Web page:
Professor Valery Feigin at AUT suggests that categorising people into ‘low, moderate or high’ risk of stroke should be abandoned.
The Professor of Epidemiology and Neurology says clinicians often seek thresholds to trigger public health interventions. However, this concept is at odds with the fact that risk is a continuum, something that changes gradually without any clear dividing points.
The primary prevention of stroke and cardiovascular disease (which share the same CVD risk assessment) has been dominated by ‘high-risk’ strategies that seek to identify those individuals most at risk and offer targeted interventions.
“The problem with high-risk strategies is they virtually exclude people with low or moderate CVD risk who ultimately make up 80 percent of all strokes and heart attacks. These groups are not prioritised for public health education or interventions,” says Professor Feigin.
“Labelling people as low-risk may also give them false reassurance that they are protected from a stroke or heart attack, compromising their motivation to control any risk factors. This is particularly so for younger people.”
Professor Feigin, Director of the National Institute for Stroke and Applied Neurosciences at AUT, is considered one of the world’s most influential scientific minds – ranking among the top one percent by citations, for his global research on the epidemiology, management and prevention of stroke and traumatic brain injury.
In this month’s Journal of the American Heart Association, he outlines future directions for the primary prevention of stroke and cardiovascular disease.
Professor Feigin recommends an integrated approach to primary prevention that targets major noncommunicable diseases – not just stroke and cardiovascular disease, but also pulmonary diseases, dementia, diabetes and cancer. This is because nearly everyone is at lifetime risk of developing these diseases, which were prioritised by the World Health Organisation in the global action plan for the prevention and control of noncommunicable diseases.
“Policymakers should prioritise population-wide strategies for the primary prevention of stroke, cardiovascular disease and other major noncommunicable diseases. Focusing on the high-risk group is only addressing the tip of the iceberg,” he says.
There is no randomised controlled trial to support the effectiveness of ‘high-risk’ strategies for reducing the incidence or mortality of stroke and cardiovascular disease.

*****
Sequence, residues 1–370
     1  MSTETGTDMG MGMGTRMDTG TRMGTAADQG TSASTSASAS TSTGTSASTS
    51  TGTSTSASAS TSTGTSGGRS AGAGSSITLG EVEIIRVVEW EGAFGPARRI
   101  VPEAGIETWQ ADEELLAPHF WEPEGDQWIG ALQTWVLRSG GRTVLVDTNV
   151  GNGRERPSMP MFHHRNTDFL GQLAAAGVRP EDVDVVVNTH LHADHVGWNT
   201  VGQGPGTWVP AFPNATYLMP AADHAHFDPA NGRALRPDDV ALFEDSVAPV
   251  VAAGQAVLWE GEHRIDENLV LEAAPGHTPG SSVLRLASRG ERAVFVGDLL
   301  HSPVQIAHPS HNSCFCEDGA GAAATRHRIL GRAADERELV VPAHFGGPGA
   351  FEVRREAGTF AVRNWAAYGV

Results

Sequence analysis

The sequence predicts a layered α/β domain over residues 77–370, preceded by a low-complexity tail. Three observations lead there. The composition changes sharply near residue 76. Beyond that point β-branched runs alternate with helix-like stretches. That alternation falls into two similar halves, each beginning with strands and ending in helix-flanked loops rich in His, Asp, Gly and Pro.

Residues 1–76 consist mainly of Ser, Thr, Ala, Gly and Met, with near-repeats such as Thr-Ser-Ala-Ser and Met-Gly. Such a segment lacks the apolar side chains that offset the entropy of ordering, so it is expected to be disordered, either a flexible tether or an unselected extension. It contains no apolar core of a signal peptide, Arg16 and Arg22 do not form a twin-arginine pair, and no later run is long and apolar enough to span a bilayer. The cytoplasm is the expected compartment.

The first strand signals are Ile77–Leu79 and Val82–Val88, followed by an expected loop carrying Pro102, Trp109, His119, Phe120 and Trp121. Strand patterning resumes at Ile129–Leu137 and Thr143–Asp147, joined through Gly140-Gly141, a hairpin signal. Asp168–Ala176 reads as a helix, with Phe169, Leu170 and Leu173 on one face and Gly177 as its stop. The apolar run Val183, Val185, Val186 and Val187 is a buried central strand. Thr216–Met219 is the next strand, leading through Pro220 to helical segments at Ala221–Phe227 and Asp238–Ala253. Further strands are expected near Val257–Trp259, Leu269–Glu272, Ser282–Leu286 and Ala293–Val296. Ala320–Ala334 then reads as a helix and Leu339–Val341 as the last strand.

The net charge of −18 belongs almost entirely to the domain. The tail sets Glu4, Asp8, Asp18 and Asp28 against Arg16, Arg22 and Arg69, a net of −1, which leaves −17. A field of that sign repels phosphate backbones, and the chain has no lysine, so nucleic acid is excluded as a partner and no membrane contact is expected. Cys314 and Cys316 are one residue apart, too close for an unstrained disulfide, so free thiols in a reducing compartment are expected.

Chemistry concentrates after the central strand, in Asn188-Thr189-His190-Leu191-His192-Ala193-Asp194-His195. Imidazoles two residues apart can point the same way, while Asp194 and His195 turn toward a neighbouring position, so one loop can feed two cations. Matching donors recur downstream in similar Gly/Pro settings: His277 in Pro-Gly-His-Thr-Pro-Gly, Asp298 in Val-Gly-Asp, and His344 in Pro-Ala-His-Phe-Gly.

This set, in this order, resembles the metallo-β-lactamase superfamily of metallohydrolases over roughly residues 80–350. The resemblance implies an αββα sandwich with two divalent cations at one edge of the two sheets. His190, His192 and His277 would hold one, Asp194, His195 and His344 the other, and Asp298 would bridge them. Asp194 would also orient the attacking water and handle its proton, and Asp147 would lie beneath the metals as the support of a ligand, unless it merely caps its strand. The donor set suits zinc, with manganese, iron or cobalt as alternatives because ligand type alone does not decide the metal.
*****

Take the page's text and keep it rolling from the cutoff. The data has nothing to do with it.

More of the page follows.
Professor Feigin also advocates a three-tiered plan, combining ‘population-wide’ and ‘high-risk’ strategies with emerging ‘motivational population-wide’ strategies.
Population-wide measures, aimed at minimising exposure to risk factors, would include smoking and alcohol cessation campaigns as well as a move to reduce the amount of salt and sugar in processed foods. While, high-risk CVD screening would identify individuals in need of prophylactic drug therapy, to be delivered in conjunction with lifestyle and behavioural interventions.
Motivational population-wide measures, designed to educate people about behavioural risk factors (poor diet, physical inactivity, smoking and alcohol consumption) and ways to modify them, would include the Stroke Riskometer mobile app endorsed by the World Stroke Organisation and World Heart Federation.
The free mobile app assesses an individual’s risk of stroke within five years and 10 years. Rather than categorising people into low, moderate or high risk, it provides the user with a risk percentage as well as their relative risk (compared to someone of the same age and sex without any contributing risk factors).
Professor Feigin says, it is also time to reassess the way that we evaluate the effectiveness of primary prevention strategies.
“Limiting the criteria for evaluation to frequency estimates is misleading. It does not provide any information about the real-life impact of diseases on the healthcare system and society. The absolute number of people is far more important for healthcare planning and resource allocation than their rates,” he says.
The frequency estimates for stroke and cardiovascular disease have been declining over the past 30 years in almost every country in the world, but the absolute number of people who develop, die from or remain disabled from these disorders has increased dramatically. This is largely due to population growth and ageing, as well as unfavourable trends in the prevalence of some risk factors.